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Minister’s response to ombudsperson on youth justice report

Minister’s response to ombudsperson on youth justice report

June 15, 2021 at 12:31 pm  BC, News, Politics

Mitzi Dean, Minister of Children and Family Development, has issued the following statement in response to the June 15, 2021, report from the Office of the British Columbia Ombudsperson:

“I want to thank the ombudsperson for this thorough report and the work that went into it. We are committed to the same goals: ensuring that youth in our care receive the best possible services to help them stay safe, be healthy and fulfil their potential. We accept the spirit and intent of the recommendations in the report and will incorporate them into the development of our youth justice framework.

“Both the child welfare system and the justice system are overly involved in the lives of Indigenous people, children and families. It is part of the damaging colonial legacy that continues to this day – and as part of our commitment to reconciliation, we need to address it head on.

“Since forming government in 2017, we have made transforming the system of supports and addressing the over-representation of Indigenous children and youth in care a priority. We recognize the implications that separate confinement can have on a youth’s mental health and wellness, particularly for Indigenous and racialized youth who have been disproportionately affected by this practice.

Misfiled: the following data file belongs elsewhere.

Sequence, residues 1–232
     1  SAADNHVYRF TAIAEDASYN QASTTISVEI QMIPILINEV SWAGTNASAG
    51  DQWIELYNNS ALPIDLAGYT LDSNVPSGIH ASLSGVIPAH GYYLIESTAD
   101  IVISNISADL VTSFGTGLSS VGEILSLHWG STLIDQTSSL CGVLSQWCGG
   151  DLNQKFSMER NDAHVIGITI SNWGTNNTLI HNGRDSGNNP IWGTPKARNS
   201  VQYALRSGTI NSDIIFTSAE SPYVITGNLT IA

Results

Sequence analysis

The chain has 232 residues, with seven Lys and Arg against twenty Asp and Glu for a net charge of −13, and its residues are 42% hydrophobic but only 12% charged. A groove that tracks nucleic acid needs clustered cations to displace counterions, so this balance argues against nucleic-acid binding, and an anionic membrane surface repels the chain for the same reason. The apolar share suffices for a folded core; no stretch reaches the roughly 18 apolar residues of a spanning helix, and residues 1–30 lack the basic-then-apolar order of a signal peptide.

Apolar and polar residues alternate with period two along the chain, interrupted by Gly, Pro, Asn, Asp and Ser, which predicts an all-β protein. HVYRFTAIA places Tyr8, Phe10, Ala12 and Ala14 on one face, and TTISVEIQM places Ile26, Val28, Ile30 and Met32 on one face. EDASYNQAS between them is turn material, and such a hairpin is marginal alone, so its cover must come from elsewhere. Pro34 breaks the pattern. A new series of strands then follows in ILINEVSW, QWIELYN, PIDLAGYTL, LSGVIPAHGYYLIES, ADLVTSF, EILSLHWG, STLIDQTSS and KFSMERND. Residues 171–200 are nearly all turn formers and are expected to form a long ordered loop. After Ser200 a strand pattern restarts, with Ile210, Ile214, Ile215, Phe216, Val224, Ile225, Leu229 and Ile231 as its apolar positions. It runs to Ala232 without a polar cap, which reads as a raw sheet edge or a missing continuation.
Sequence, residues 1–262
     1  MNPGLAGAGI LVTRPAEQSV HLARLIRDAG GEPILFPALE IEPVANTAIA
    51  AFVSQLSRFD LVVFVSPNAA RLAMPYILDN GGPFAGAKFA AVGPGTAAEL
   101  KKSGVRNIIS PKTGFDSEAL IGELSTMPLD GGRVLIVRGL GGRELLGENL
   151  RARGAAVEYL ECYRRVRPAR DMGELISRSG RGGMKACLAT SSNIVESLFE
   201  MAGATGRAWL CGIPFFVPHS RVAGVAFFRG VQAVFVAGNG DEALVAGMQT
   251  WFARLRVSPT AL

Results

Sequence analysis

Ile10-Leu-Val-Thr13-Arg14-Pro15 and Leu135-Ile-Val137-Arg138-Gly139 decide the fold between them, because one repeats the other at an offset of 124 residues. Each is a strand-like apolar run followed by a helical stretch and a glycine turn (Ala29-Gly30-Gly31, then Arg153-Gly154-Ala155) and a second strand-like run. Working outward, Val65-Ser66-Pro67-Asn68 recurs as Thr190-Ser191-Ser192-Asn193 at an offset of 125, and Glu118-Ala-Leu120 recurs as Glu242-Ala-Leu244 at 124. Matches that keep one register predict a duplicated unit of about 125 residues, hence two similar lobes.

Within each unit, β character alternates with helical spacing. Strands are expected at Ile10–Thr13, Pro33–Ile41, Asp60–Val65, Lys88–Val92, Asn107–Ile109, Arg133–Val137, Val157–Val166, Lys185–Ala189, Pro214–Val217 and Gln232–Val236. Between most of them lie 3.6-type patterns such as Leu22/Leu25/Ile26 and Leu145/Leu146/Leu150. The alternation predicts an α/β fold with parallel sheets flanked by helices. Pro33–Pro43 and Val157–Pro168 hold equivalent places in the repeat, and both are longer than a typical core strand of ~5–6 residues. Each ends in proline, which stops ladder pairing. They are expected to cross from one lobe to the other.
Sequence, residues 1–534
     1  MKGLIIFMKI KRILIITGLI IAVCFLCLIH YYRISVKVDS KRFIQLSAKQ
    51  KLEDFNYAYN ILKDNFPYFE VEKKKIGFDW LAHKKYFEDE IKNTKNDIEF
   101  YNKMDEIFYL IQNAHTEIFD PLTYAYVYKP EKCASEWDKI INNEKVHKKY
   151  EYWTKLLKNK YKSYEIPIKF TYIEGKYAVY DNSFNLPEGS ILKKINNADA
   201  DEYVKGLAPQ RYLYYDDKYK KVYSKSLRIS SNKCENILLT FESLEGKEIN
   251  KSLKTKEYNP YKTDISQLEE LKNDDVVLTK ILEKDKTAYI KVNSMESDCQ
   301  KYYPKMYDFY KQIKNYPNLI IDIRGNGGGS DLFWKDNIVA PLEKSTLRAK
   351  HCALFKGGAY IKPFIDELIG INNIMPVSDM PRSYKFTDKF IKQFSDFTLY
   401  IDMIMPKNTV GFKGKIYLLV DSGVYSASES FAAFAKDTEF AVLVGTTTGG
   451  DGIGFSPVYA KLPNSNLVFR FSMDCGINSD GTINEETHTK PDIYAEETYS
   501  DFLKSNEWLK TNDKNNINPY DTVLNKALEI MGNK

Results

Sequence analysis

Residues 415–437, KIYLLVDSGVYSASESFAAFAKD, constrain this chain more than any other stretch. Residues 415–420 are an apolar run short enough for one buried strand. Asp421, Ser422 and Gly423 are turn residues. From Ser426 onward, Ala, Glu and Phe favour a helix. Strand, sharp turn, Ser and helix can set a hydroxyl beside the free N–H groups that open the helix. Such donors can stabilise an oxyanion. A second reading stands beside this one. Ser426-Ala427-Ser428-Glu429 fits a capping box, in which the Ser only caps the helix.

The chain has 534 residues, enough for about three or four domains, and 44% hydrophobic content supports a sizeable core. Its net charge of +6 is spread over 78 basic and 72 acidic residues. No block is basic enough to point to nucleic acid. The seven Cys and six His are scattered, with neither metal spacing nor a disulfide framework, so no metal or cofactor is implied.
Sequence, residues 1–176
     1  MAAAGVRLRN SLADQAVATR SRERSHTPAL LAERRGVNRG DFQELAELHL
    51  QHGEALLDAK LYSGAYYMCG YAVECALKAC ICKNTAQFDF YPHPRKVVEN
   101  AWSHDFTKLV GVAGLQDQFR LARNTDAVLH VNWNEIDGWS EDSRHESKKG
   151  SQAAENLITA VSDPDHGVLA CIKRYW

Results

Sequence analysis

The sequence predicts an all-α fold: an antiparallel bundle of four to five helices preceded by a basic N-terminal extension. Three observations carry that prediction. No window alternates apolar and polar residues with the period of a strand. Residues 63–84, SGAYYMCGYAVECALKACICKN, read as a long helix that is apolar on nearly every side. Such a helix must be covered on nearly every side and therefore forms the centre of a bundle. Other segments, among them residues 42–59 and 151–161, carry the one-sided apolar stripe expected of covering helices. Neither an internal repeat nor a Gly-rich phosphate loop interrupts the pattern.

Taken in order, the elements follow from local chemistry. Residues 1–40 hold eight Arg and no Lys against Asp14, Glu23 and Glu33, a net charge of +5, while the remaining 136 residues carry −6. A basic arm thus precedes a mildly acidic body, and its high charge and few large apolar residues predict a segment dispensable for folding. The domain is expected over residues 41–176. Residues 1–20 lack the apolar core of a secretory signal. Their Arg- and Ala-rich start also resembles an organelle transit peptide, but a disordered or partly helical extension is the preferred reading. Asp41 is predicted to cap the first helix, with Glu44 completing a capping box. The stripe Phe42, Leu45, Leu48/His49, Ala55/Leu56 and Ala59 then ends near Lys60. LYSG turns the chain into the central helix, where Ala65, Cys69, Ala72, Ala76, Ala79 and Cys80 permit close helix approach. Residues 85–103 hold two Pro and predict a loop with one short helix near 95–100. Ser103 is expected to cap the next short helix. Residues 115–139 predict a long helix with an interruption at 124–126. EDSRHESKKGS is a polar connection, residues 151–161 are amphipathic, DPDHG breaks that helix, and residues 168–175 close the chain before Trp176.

“Our province consistently has among the lowest numbers of youth in custody in Canada, going from an average daily count of 130 youth in custody in 2009-10 to an average of just 13 across the province today – including a daily average count of two youth at Prince George Youth Custody Services.

“Because B.C.’s youth custody rates are among the lowest in Canada, there are instances where youth, especially girls, are in custody by themselves. Although we do not consider this separate confinement, the ombudsperson included these circumstances in their data.

“While separate confinement is not used as a punitive measure for youth in B.C., we continue to commit to putting the best interests of youth first – using trauma-informed, culturally safe practices – and placing the young people we are caring for at the centre of everything we do. That’s why the ministry has made significant changes to its approach to youth custody, youth justice and separate confinement since 2017. Where possible, we have incorporated the findings from the ombudsperson’s review during that time.

“That said, we have more work to do. We must do more to ensure that youth who come into contact with the justice system can stay connected to their families and their culture and feel a strong sense of belonging in all aspects of their lives.”

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